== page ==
Reading workshops are run much like writing workshops. After gathering the class together (I like to use the floor for this), you introduce a strategy that will help them become stronger readers. Only spend 10-15 minutes discussing the strategy before allowing students to go back to their reading projects and test it out. They can read independently, with a buddy or in small groups with you. There are many books out there that will go much more in depth about the process, but that is the general idea. Look below for mini-lesson ideas and links to reading workshop pages by other teachers.
Student Led Book Clubs- Great step-by-step plans for teaching students how to discuss their reading.
Video of a Book Discussion- I've been thinking for years that students need to SEE other students discussing a book properly before they will understand how to do it themselves. Show this to your students as a great model.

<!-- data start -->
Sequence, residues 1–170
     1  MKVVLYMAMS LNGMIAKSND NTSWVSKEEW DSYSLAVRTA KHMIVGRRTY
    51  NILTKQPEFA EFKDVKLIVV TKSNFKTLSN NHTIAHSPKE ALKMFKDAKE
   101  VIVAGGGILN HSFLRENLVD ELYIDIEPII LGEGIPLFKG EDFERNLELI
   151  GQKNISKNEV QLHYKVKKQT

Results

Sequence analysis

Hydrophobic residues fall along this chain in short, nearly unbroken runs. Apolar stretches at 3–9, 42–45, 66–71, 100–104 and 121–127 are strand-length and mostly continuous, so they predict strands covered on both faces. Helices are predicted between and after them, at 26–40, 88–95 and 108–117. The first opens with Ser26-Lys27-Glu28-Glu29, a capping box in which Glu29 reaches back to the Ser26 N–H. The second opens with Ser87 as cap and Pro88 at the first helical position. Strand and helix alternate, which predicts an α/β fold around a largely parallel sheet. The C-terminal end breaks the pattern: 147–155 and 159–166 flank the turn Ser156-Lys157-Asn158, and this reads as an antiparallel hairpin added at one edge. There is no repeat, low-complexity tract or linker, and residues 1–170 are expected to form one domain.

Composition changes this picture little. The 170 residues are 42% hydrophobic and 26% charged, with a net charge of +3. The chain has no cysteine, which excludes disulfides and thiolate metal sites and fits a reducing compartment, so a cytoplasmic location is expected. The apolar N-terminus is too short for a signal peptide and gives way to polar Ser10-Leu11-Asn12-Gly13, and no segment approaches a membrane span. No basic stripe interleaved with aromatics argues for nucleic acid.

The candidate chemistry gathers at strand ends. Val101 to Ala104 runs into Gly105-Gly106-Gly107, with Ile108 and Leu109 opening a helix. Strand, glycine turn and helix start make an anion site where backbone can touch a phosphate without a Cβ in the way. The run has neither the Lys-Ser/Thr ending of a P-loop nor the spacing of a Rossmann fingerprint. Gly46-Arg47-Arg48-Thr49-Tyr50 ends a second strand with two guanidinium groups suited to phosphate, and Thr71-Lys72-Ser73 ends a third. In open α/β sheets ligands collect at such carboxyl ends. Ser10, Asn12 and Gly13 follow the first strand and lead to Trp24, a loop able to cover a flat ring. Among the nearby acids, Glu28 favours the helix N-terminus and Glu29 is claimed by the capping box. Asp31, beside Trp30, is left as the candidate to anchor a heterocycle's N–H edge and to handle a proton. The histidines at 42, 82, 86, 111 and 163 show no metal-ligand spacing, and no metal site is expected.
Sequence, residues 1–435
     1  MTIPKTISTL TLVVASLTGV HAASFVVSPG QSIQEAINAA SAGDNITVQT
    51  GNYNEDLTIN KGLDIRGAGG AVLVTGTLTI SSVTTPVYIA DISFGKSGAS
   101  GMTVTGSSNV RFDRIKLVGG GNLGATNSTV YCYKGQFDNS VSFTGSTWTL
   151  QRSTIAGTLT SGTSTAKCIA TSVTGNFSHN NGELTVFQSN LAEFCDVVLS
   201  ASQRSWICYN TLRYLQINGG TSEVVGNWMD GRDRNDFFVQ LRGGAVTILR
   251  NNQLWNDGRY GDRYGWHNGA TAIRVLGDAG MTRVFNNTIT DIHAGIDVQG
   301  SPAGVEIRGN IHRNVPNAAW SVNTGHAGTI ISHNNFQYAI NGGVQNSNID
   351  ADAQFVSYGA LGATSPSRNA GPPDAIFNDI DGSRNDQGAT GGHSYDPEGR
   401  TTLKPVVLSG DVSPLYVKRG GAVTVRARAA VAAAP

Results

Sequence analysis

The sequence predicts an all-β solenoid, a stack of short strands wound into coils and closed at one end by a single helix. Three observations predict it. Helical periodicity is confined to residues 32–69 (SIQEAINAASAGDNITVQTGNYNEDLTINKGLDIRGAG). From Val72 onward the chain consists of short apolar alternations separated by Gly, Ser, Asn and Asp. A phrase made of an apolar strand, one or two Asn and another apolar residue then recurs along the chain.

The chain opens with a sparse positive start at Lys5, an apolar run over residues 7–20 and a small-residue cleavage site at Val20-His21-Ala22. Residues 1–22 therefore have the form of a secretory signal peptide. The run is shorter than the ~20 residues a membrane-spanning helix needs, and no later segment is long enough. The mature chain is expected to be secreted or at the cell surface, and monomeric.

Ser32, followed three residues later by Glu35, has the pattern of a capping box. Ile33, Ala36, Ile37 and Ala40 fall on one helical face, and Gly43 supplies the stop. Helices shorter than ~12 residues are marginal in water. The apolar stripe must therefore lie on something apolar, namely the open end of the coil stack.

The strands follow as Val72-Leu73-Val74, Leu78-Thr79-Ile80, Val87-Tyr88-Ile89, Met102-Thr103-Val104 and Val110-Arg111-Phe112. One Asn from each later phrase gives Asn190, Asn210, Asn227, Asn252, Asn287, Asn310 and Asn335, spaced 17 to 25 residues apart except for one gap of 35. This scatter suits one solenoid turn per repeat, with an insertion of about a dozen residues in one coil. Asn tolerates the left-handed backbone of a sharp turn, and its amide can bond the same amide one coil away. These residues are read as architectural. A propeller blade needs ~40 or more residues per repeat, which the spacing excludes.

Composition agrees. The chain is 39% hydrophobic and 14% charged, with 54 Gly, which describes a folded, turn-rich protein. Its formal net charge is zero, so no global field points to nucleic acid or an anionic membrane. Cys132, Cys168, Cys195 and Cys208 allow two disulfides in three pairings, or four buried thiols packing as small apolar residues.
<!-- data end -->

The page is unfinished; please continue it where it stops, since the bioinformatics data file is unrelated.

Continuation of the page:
Thick or Thin Questions- Thick or thin questions is my absolute favorite resource for reading workshops and partner reading. Check out Beth Newingham's websiteon them. I've printed out her PDF and colored/laminated it for bulletin boards. I've also made sheets that only have one thick question repeated over and over and then copied that on a certain color paper, doing that with all the questions. Then I take one question/color of each, cut it out and put it on a book ring. These color coded rings are passed out to pairs or groups of readers to prompt discussions.
Cinderella Tales From Around the World- Perhaps you want to do a mini-lesson comparing the story of Cinderella from different countries. This list of books will help you get started. I'm sure there are many more-send in any titles you may have here.